“This is an original 1970s East West calfskin motorcycle jacket in perfect condition,” said Britt Robertson in an arrogant tone. “Know what your s***’s worth, ’cause you just got played. Bam, son!” A light bulb moment in one of the scenes from Netflix’s Girlboss pilot episode, Robertson — playing a 23-year-old Sophia Amoruso — found her life’s true calling in a dingy vintage shop somewhere in LA. Later on, she started her eBay shop “flipping” unwanted pre-loved clothes into covetable vintage pieces that soon grew into the mega-sized label Nasty Gal.
Although real-life Nasty Gal has filed for bankruptcy, it’s less of Amoruso’s haughty disdain and more of the decreasing focus on quality vintage stock that caused the business to fizzle out. Sourcing vintage goods can be quite tricky when done in a large scale, which explains the saturation of made-in-China garments in place of actual unique pieces the brand was originally known for.
Granted, the definition of vintage has changed throughout the years. In fashion’s lightyears, offerings from two seasons past may as well be called “vintage” now. And the organic process of rifling through rails of secondhand chintzy tea dresses for worthy finds of rare Yves Saint Laurents or ’70s Guccis is too arduous for the breakneck speed we have grown accustomed to in this digital era.
Which is why heading to Instagram — a.k.a. the new eBay — for a curated treasure trove of vintage pieces has become the ultimate alternative for cutting out the lingering scent of mothballs from your retail experience. You also get to skip the legwork of sieving out the obvious rejects and have the luxury of purchasing with an easy tap of a finger. Plus, by buying secondhand, you’ll actually be doing your part of going greener while amping up your wardrobe selections. Win-win.
What Nasty Gal failed to proffer, these lesser-known gems deliver. Scroll down for the best vintage stores to check out on Instagram, where you can get both old-school garbs and visual eye candies in one fell swoop.
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What to expect: Fantasies and possibilities encapsulated through frothy gowns, lace ruffs and petticoats matched with Chuck Taylors and chokers. Owned by hair and makeup artist Stacey Nishimoto, who’s an Instagram sensation in her own right, not only will you find a whimsical range of vintage apparel, but also a wealth of otherworldly beauty inspiration with characters inspired by ’70s Pierrot clowns and ’80s Soviet kitsch fashion.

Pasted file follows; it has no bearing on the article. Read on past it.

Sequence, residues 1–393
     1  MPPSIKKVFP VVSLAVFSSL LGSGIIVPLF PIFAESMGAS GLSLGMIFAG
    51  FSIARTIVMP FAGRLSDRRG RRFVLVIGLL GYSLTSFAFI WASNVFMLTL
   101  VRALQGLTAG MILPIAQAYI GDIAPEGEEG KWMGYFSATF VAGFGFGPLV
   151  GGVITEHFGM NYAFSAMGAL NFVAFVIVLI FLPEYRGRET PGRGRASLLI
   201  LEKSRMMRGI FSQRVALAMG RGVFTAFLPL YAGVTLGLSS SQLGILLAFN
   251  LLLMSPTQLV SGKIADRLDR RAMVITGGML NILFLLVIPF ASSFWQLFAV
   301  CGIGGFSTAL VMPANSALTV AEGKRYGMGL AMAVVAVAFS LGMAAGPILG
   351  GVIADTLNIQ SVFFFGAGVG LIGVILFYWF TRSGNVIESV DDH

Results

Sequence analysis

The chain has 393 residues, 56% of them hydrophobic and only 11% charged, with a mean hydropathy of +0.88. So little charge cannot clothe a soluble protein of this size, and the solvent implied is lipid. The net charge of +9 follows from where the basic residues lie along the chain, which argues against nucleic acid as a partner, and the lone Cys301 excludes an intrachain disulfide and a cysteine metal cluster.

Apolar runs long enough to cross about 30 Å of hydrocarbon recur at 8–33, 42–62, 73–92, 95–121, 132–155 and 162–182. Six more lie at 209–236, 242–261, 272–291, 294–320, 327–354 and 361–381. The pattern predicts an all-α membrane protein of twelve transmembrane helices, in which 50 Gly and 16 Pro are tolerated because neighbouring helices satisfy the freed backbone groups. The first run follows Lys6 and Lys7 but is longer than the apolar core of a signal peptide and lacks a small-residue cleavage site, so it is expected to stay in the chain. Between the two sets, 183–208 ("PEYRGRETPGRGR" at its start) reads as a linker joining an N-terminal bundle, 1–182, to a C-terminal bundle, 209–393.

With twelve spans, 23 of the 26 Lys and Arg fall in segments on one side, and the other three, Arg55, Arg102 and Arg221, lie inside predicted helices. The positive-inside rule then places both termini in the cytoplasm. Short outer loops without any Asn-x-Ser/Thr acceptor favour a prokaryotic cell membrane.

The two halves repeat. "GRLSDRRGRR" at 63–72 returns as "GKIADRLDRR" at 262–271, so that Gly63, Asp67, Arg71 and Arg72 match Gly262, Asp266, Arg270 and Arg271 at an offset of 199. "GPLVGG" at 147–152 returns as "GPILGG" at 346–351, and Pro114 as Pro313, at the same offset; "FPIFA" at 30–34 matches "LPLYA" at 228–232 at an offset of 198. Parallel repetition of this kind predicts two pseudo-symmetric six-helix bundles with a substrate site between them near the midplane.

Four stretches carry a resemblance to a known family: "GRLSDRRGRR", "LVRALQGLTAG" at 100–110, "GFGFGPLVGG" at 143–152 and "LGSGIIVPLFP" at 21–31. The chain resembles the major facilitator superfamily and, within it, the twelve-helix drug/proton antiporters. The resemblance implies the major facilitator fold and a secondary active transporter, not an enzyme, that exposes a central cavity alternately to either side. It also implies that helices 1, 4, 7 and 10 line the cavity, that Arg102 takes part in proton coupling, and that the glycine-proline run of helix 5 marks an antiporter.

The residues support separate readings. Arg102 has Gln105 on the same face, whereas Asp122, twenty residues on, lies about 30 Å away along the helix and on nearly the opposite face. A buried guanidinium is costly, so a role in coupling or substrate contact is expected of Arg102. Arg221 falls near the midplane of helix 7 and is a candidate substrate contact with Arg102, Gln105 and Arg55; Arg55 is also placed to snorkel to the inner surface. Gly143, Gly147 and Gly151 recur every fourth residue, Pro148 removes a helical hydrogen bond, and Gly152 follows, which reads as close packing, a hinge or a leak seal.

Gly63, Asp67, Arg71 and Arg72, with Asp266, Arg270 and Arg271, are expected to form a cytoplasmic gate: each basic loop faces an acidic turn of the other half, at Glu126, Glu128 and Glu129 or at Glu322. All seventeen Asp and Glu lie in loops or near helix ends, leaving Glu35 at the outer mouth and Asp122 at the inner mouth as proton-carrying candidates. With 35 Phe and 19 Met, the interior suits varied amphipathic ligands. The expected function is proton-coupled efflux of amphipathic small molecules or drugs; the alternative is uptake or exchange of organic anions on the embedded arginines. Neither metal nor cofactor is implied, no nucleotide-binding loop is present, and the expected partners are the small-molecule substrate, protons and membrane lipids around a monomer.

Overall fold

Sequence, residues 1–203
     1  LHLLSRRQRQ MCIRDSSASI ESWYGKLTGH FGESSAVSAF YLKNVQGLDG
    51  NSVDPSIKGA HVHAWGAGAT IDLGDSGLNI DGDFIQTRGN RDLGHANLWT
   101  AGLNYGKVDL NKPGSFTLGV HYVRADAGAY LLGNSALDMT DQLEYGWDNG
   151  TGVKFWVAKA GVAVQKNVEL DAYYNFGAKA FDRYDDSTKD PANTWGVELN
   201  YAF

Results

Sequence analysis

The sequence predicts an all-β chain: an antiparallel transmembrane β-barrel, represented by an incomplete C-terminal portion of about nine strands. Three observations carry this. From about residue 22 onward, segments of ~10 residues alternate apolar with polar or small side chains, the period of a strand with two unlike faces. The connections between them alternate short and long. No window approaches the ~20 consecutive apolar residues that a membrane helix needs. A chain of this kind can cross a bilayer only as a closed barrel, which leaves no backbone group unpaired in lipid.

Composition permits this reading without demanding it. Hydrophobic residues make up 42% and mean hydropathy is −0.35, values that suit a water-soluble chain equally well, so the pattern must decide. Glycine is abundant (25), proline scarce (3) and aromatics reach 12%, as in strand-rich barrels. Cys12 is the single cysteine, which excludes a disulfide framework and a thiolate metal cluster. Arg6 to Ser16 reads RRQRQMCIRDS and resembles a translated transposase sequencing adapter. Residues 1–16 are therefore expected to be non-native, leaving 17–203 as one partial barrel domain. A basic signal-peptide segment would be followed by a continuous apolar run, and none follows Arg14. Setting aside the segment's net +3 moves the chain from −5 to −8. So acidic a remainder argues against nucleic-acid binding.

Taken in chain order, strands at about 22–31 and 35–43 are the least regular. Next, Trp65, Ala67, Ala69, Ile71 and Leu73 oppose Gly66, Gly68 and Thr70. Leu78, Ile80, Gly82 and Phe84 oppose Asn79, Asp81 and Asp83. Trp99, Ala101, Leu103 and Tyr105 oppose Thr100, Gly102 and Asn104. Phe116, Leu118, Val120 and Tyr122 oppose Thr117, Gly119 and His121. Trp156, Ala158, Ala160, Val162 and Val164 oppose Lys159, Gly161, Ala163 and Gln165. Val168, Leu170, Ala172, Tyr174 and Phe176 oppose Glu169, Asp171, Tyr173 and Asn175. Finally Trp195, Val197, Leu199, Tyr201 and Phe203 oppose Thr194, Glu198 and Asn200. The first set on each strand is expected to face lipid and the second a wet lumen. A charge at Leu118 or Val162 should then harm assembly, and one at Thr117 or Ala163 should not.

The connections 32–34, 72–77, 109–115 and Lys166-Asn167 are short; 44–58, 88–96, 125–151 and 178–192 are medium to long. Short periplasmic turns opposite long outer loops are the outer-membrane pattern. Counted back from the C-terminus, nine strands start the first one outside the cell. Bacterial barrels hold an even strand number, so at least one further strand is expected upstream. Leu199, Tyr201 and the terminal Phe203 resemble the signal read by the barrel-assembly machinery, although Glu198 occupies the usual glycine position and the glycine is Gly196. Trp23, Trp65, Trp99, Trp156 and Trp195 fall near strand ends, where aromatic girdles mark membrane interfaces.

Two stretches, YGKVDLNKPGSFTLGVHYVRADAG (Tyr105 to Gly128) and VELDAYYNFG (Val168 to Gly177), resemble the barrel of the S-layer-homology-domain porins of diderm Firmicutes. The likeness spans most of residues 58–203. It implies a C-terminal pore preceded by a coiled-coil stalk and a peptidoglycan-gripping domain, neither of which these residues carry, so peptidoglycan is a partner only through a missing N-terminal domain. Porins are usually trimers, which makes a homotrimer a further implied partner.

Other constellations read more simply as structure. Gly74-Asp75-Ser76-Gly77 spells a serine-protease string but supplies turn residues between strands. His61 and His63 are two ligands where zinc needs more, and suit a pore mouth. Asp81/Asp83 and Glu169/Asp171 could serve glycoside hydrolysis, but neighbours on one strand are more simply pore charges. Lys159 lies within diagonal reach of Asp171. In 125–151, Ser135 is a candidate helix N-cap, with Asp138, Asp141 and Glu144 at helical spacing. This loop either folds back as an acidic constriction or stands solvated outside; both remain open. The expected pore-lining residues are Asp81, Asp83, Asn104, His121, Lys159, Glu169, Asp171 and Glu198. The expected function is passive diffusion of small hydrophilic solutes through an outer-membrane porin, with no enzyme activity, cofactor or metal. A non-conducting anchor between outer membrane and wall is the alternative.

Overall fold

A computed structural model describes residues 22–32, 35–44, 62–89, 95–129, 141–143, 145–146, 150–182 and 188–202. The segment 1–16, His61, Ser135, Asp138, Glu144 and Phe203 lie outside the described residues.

What to expect: Scroll through Na Nin Vintage’s feed and your summer wardrobe is sorted: Dreamy silk blouses in the prettiest pastels, high-waisted linen trousers, and an endless selection of the most perfect vintage denim in different washes. But they go to the fastest fingers first. The pieces on offer at are on a “first direct message, first served” basis, and you’ll have to pay within the hour to secure your find.
What to expect: With Harry Styles and Kendall Jenner counted as clients, this place is top-tier stylists’ best kept secret. Find the rarest designer gems such as a 1989 Comme des Garçons wrap skirt, a 1986 Alaïa evening gown, or a 1999 Margiela apron jumpsuit. They come with a hefty price tag, but you sure can’t find these pieces anywhere else. Founded in 1994, One of a Kind was born at the famous Portabello Road in West London — and now it also thrives on Instagram as an account that doubles up as a crash course in fashion history.
What to expect: Straw basket bags, one-in-a-million denim purchases and statement pieces are part of Persephone Vintage’s feed, which is refreshed several times daily — thus, serving styling inspiration as much as it does actual retail. The jewellery offerings, rich dusky brown backdrop, and slightly Mediterranean aesthetic — think Jacquemus’ SS17 campaign — all make for a browsing experience far superior to that of any musty local store.
What to expect: Edwardian lawn dresses, flapper dresses, ’50s fit-and-flare prom dresses, and ’70s bohemian dresses. Having Adored Vintage’s post come up on your feed is a visual pleasure in itself, but what makes it better is its curated antiques that actually date back from the 1910s to the 1980s. Visit the store’s site, and you can even shop its items by their eras. With most of its offerings priced under US$100 (S$136), you’ll score yourself some serious steals.